Peeping Tom is far less kind in its depiction of the relationship between art and human suffering. The film, released the same year as Psycho, takes an even more nihilistic axe to the at-the-time increasingly large and filled-to-bursting heads of the “film director” or auteur, none-too-subtly reflecting on their oppressive, abusive nature far more viscerally and challengingly than even Hitchcock ever did in his famously baleful, self-lacerating late ’50s films. If the visual metaphor of Mark filming his victims’ scream as he gashes them to death with his tripod isn’t garish enough, his day-job working under a director who abusively stages false horror for audiences is sure to do the trick.
And I mean “garish” as a compliment, as the film’s commanding, vigorous non-subtlety in favor of almost-operatic visuals and a soundscape so blood-curdling it could scrape off paint is undoubtedly narrative film at its most challenging and confrontational. This is not a film for the faint of heart, nor is it interested in masking its psychoanalytic Grand Guignol; it does everything but state that directors are the products of troubled personal lives all-but forcing them to turn to a movie camera to produce false and artificial emotions to fill-up a false world they lack in the realities of day-to-day life. Or even worse, to make that false world “real” by acting upon their filmic desires, no longer feigning realism but taking it as Mark does. The end result is a gloriously enrapturing and unnervingly decadent fantasy of monstrous, monomaniacal color, funneling all of Powell’s previous visual skill into the more explicit realm of humanity’s nightmares, or in this case a director’s nightmares.
Within, Powell rather stunningly takes no prisoners in tackling perhaps the ultimate question of the cinema: what it means to ask for “realism” in film. Mark’s effort throughout the film is part of his lifelong quest to produce “real” horror, to take the falsity of film and make it honest in the only way he knows how. As depicted here, we would never in a million years actually want realism – merely the semblance of it, but we lie to ourselves and say we want the real thing without seriously considering the fundamental tension in the idea. The film pursues the logical extent of the claim among directors for “realism” in film and the oppressive lengths they will go to in order to achieve it, reminding what happens when audiences beckon on for realism of emotion and directors find themselves prey to the audience’s gaze.
Meanwhile, if this film does seek some empathy for its main character as a victim of other power-hungry fear-mongers, it is also a rather stunning indictment of the modern male and male obsession as it overlaps with filmic power structures. Psycho has this as well, but it is less potent, less elemental there than it is here. Hitchcock famously tackled this subject most fillingly in Vertigo, but he was perhaps too beset by the studio system, as well as his own implication in using and abusing women in his films for inciting fear, to truly produce something that matches Powell’s melancholy mania. Hitch, although he circles it in Rear Window and many other films, was never this forthright or demanding in his critique of a character who uses the cinema to assert his dominance onto women.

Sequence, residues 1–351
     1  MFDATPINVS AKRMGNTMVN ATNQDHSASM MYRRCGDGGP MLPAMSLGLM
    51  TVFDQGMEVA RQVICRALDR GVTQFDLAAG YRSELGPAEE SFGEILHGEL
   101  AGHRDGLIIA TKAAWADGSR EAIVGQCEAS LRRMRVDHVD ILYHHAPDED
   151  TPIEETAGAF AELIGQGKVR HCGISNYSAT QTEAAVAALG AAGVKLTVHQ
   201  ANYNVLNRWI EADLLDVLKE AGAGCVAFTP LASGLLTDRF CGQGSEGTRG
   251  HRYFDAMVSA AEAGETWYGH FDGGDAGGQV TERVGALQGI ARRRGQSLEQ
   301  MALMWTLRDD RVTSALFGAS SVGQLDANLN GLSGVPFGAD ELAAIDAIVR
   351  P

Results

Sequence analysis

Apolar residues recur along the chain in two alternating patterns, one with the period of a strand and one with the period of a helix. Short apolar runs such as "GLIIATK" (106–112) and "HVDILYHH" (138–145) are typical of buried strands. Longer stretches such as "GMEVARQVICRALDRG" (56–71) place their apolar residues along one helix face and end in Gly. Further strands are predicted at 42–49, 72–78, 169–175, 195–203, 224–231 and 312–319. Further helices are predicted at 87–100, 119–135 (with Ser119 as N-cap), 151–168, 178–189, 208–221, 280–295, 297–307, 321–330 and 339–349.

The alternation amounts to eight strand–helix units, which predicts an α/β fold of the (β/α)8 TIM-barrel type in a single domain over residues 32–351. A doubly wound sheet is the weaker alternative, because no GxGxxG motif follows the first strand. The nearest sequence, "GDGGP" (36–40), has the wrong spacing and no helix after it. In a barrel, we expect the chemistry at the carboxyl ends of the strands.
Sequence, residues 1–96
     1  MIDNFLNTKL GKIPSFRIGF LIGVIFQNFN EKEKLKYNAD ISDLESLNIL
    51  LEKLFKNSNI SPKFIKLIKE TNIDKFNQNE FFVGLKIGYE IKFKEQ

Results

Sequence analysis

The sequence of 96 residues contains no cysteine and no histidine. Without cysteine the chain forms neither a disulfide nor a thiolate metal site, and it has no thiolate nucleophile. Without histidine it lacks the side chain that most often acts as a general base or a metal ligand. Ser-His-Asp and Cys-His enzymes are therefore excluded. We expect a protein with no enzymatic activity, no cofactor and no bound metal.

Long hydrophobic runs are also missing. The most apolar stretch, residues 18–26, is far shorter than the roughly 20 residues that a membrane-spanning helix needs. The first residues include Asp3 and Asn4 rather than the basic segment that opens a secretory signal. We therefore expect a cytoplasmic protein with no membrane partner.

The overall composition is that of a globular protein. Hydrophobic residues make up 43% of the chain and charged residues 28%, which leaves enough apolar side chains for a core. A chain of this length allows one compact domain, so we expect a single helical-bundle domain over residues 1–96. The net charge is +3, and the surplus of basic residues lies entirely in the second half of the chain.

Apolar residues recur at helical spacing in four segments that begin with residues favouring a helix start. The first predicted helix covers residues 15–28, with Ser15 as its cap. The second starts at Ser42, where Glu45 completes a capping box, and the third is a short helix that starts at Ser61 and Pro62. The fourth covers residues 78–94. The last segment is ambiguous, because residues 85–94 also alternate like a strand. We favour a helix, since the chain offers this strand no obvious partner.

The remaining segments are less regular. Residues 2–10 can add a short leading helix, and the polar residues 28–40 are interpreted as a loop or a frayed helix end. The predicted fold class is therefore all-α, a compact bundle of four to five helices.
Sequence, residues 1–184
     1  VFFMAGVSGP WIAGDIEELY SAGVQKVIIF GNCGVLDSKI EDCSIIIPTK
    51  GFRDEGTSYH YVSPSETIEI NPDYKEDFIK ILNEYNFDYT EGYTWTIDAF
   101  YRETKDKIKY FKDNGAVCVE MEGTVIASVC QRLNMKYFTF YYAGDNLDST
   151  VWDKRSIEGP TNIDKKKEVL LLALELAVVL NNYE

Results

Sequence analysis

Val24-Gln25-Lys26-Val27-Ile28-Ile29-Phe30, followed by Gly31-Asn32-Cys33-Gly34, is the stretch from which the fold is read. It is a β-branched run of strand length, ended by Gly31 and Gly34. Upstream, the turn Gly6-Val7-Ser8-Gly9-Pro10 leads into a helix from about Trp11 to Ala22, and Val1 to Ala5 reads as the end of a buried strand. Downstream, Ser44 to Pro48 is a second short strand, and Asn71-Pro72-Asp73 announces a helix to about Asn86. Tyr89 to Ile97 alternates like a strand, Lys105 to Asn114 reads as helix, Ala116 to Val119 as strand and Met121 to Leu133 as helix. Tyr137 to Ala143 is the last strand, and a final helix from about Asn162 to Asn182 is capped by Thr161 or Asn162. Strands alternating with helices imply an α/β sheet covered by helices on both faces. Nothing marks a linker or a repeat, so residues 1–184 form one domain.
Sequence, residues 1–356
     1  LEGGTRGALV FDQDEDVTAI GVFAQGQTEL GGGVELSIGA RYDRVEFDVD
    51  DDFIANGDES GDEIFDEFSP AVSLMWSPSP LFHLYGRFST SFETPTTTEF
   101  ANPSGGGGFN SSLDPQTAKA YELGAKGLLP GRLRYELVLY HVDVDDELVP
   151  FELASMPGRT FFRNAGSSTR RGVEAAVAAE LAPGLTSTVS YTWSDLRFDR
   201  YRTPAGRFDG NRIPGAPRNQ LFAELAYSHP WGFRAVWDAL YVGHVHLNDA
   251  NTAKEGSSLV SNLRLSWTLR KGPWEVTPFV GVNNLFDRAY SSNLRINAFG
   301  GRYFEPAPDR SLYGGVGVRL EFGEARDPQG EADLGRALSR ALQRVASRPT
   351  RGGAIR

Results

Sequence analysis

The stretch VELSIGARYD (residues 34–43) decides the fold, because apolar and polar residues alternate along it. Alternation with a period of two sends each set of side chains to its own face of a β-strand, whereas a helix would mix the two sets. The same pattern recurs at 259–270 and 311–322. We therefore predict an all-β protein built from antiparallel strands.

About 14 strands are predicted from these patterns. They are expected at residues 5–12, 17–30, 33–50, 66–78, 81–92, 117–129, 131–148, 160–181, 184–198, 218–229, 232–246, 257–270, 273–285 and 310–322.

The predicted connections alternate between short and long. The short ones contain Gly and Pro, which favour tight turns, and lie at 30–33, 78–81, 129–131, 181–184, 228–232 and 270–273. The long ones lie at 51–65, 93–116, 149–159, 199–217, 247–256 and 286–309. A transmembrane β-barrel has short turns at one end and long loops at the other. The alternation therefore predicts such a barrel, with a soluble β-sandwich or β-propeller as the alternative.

As Roger Ebert notes, Martin Scorsese once said that with 8 ½ and Peeping Tom we had all we could ever need to know about directing. If so, Peeping Tom is the scarier, more abusive, soul-deadening negative mirror-image of the more conflicted and often hauntedly-joyous Fellini film. This is a coal-black fable about the dark side of cinema and viewership, the sense of helplessness those in front of the camera feel before an audience who must interpret them and make of them what they will, and how those behind the camera will stop at nothing to win that favor. It is one of the definitive filmic self-critiques, a bile-spewing dissection of the landscape of cinema which strives not for “realism” but a contorted, empty, pathological world it underlines with garish blood-red strokes. Powell was not a horror film director, but oh yes, Powell directed horrors. And this is not only his most personal horror confession but a deeply disturbed manifesto to the power of filmmaking, for good and evil.